"It's a progressive permit and the city has agreed to do a lot," said Josh Saks of the Chesapeake Bay Foundation's D.C. office. "We rarely see a major municipality, especially in these economic times, take on such a burden. It needs to be applauded."
Stormwater runoff is the fastest-growing source of pollution in the Bay and its rivers. The increasing presence of roads, rooftops and parking lots send water rushing into drains and streams, carrying trash, oil, dirt, pesticides and pet waste. The grit, grime and chemicals from the streets and overflowing sewage harm aquatic life and threaten human health.
The Chesapeake Bay Program estimates that 17 percent of phosphorus, 11 percent of nitrogen and 9 percent of sediment loads to the Bay originate in stormwater.
In some locations, chemical contaminants reaching waterways through stormwater runoff can equal or exceed the amount that comes from industries. The Bay Program considers the Anacostia one of the region's most toxic waterways, where high rates of tumors have been found in brown bullhead catfish.
Reducing pollution from stormwater is a challenge for state and local jurisdictions. In the District, as in all urban settings, the problem is acute. The urban landscape is a concentrated hub of hard surfaces with comparatively few trees and green spaces to trap and absorb rainfall. In rural and suburban areas, these features are more easily planned with new development. In contrast, cities have much less space available.
Cities have also inherited a vast maze of drains and underground pipes. Portions are at least 100 years old and strained by the volume of water they handle today. They are buried under countless roads and buildings, making updates costly and a logistical nightmare.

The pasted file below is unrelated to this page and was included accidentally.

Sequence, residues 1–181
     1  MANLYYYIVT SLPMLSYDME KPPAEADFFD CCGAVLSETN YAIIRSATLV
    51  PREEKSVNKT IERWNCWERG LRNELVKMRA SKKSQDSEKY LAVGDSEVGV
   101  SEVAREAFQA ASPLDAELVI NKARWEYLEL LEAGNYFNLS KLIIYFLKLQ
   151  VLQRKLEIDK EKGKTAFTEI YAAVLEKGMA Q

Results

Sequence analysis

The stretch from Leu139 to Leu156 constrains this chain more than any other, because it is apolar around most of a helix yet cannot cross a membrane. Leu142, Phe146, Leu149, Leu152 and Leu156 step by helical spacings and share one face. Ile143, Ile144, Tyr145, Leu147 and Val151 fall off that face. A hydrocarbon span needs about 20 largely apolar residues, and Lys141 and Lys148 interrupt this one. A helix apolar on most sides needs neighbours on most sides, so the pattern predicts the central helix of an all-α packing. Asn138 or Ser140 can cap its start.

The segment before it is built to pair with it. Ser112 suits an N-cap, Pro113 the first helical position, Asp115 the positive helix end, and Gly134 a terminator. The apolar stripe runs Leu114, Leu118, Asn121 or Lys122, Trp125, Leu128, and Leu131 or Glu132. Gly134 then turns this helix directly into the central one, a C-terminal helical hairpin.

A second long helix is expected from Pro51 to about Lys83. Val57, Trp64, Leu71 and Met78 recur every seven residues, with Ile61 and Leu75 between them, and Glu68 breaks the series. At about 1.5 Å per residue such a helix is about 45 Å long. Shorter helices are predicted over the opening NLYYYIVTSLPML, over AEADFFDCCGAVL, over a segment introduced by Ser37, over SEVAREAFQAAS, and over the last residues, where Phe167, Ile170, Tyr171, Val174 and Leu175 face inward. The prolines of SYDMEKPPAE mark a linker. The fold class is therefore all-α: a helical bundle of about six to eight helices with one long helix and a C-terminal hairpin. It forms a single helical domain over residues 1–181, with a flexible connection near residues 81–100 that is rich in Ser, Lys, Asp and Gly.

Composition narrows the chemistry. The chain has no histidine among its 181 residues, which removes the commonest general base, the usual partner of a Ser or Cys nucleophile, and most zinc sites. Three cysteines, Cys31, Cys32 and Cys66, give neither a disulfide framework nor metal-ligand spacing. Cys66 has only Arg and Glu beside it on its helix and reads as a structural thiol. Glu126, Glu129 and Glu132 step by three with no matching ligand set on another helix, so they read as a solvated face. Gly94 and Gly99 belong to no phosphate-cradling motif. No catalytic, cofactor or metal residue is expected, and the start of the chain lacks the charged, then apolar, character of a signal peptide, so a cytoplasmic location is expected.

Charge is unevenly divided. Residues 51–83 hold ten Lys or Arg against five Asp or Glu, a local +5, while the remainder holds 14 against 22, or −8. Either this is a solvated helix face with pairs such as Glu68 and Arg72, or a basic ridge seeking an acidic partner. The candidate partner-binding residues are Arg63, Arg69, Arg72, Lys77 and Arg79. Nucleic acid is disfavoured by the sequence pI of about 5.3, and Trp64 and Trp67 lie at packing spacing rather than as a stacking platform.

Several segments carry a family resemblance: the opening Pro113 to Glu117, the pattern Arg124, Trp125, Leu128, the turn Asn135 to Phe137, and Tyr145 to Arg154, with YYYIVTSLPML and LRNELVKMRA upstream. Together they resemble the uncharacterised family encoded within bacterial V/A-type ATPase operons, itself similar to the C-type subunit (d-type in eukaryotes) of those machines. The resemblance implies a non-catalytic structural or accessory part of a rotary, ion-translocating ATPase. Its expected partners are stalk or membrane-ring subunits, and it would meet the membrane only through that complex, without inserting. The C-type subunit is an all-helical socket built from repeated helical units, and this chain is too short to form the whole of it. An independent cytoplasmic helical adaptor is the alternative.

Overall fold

In the District, water in the combined sewer system that merges stormwater with sewage normally moves toward the sprawling complex of Blue Plains, which treats wastewater for more than 2.9 million people in the District and portions of two states.
But "normal" depends on dry weather.
The District's combined sewer system is old and overburdened. Even average storms can overflow the pipes and flush untreated sewage directly into the rivers.
The District has already spent $140 million to add dams, tide gates and pumping stations that have cut the annual volume of overflow by 40 percent. But nearly 2 billion gallons still empty into its rivers each year. The Anacostia bears the brunt, receiving almost 1.3 billion gallons in an average year, followed by the Potomac with 639 million, and Rock Creek with 49 million.
Water that actually reaches Blue Plains during storm events overwhelms the system. Average storms can double the flow-spiking on a typical spring day from 400 million to 800 million gallons. Such high flows can't be treated effectively and can also damage the treatment system. As a result, the excess brew of stormwater and sewage receives only partial treatment and enters the Potomac without full benefit from the plant's technology.
It's a double blow for the river: pollution from stormwater and sewage laden with nutrients.
The District is one of many cities fighting overflows from combined sewer systems. But George Hawkins, general manager of the District of Columbia Water and Sewer Authority, said that a combined system can be helpful if the overflows are stopped.
That's the role of the tunnels. The tunnels will not only prevent overflows, but deliver water to Blue Plains at a pace the system can handle.